Pitching to An Investor

13 Replies

Hi Friends, 

I am super new in Real Estate but currently mid-way through Temple University's Real Estate Institute to obtain a sales license. Meanwhile, there is property I am considering buying now and flip. It is a diamond in the rough, located in a booming neighborhood with development going on everywhere! Ran the comps and there is extreme upside in ROI, thus I need to act fast! Spoke to seller, we've agreed on price, ready to go. I wanted to pitch to a few family members and friends who I think might be interested in investing. Is there a basic investor proposal or template I should follow? If I need to create my own what important elements should be included?

Thank you in advance for taking to time to advise and counsel! 

Most people are interested in RE investing on some level.  It is a sexy business!  Try and bring up a little bit about what you are trying to do in casual conversation.  If prompted, ask if they may know someone interested in earning more than peanuts on their money.  Refine your 'elevator pitch' and be sort of reluctant to let 'em in.  Tons of resources here on BP.  Good luck!

@SteveVaughan I like the idea of being reluctant...kind of makes them curious to know more and then I can get into some details. Gracias! 

These are friends and family that you are talking about. You don't want to come off scripted or like a sales pitch. Just talk to them. Hey as you know I've been attending _____ and had a deal just fall into my lap. The ROI is _________ if you know anyone interested let me know. Your goal here is a "well I might be! Tell me more". If not upgrade to a pro account and post the details here. If it truly is a great deal you'll have no problem finding the money.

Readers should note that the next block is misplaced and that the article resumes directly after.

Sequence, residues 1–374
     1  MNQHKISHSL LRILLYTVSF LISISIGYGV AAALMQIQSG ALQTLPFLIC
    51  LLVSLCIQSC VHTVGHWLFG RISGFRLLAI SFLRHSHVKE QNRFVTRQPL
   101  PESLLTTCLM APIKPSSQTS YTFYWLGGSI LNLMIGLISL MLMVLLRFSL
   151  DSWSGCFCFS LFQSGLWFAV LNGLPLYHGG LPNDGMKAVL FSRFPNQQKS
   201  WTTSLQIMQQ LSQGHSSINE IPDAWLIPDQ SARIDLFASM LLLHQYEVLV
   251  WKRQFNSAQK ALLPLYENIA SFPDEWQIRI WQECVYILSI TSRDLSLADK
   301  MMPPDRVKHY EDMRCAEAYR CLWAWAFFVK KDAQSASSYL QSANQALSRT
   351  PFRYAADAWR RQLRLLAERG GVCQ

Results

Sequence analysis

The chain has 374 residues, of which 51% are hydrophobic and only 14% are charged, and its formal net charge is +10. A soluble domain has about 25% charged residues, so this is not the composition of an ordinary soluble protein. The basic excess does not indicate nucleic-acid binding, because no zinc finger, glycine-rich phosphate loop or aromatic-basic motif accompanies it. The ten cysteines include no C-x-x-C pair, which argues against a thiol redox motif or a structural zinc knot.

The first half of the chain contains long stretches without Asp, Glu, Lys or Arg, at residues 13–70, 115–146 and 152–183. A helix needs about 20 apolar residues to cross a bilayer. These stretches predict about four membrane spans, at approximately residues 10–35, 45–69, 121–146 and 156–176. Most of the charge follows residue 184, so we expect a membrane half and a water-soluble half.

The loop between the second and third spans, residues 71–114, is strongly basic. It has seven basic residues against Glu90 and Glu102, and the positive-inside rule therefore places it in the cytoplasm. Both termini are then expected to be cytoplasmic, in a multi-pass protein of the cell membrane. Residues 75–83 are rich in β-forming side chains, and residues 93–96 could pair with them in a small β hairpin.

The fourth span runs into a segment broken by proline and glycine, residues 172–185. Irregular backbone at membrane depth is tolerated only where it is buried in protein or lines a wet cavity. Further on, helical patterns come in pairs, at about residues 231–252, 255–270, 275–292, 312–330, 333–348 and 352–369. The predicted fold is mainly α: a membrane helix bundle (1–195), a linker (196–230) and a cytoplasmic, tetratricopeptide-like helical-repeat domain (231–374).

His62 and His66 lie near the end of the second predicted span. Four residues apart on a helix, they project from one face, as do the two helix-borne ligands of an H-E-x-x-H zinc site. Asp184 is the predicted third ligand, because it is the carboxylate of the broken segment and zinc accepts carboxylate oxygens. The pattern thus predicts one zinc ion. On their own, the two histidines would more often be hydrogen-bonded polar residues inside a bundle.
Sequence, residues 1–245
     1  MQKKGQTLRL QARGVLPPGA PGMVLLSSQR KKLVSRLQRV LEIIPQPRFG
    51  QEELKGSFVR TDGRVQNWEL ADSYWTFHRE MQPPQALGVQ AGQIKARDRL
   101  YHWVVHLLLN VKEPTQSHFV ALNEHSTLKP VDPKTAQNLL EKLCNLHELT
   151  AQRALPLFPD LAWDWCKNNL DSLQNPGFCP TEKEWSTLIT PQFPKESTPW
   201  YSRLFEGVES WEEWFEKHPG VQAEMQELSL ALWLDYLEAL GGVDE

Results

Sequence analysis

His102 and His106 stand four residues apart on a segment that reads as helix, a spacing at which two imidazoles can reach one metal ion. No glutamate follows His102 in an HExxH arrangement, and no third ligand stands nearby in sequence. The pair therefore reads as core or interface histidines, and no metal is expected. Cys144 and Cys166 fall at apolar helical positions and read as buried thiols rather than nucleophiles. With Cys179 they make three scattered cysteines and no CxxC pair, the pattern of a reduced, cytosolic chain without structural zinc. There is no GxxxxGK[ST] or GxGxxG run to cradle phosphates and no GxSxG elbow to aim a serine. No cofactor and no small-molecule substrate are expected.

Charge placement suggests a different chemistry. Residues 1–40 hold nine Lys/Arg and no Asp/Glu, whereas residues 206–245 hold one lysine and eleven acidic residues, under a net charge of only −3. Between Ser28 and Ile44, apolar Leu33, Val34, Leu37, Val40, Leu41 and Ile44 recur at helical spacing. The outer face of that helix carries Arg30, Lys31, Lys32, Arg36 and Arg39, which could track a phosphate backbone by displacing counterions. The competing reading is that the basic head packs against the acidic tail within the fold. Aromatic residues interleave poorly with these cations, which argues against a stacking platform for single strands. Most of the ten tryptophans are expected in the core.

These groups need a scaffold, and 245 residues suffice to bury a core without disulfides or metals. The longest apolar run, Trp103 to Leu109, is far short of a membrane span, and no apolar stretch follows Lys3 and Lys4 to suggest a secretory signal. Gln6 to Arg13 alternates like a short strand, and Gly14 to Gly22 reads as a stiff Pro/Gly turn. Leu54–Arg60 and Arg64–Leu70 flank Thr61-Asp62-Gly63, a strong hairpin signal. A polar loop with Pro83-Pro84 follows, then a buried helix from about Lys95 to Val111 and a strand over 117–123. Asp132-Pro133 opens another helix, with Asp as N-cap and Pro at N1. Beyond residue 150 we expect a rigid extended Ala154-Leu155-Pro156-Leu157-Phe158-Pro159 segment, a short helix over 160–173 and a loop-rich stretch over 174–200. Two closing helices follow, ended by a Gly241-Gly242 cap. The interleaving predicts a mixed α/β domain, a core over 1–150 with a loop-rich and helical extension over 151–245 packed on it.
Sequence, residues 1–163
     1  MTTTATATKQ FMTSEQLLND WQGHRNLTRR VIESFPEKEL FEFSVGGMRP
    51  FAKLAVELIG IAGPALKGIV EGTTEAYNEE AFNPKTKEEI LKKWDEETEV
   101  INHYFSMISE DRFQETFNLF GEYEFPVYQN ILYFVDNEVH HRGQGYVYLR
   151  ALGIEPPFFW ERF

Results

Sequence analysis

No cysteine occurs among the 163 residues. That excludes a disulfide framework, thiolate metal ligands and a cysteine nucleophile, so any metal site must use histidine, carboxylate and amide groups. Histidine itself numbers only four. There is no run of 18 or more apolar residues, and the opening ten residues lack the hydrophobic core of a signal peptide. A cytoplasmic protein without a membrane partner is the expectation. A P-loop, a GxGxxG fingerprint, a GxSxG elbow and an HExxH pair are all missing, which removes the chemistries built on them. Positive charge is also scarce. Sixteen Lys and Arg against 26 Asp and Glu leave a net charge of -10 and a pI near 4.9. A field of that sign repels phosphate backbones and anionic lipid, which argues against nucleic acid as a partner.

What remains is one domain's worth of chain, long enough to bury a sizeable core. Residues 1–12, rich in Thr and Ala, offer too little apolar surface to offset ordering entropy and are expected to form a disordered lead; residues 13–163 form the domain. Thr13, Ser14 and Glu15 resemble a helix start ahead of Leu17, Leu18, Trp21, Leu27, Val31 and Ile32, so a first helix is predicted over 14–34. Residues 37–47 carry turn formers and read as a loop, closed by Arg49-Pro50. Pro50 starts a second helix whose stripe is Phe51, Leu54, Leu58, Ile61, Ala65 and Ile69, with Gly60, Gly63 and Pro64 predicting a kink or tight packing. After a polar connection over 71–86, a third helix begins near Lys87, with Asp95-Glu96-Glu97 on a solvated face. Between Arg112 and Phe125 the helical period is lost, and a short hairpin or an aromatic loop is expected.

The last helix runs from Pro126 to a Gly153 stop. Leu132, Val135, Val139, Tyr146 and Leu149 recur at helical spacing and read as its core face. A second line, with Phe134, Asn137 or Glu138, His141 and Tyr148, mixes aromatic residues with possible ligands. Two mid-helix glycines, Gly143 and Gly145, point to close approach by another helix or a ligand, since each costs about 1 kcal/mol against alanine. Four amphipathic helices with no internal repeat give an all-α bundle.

Hi @RyanD thank you for your input! 

@Moshay Laren congratulations on taking a decisive step forward. You should definitely access the investment calculators under the "analyze" tab.  Print out your findings so you will have actual information to show people.  You should also be very specific on who will be apart of your rehab team.  Don't just say "I will find a contractor"...  Let your investors know that you have already done the footwork and that you have guys who are ready to move forward.  Make sure your comps are up to date and print those out, with a map, so that people can see the upside potential in your building.  If your investors are not seasoned in this industry, I would have pictures of what the space looks like ALONG with pictures of what you want the space to look like after renovation. 

Your biggest challenge will be to defend your "numbers". Those numbers could be from the "hard" costs of construction, to the "soft" costs of your finishes, to your projected ARV. Anything you can do to defend your numbers should take a priority in developing your pitch.

Remember, everybody gets lucky.  But those who are prepared for luck are the ones that become successful!


@ArlenChou wow! Thank you so much for your detailed and informative response. I realize they are family and friends but we are talking about a pretty substantial amount of money so I definitely want to present it to them in a well-packaged manner so they will be assured I did my research and thought things through but ultimately on the return of their investment. This helps a lot! Thank you again.

@Moshay Laren  you are very welcome.  My person feeling on investments from family and friends is that it is MORE important to get your ducks in a row, then just a third party business partner.  You will risk much more than money when you go to your inner circle. Family gatherings will suck if people feel like you lost their money or worse they think you stole their money!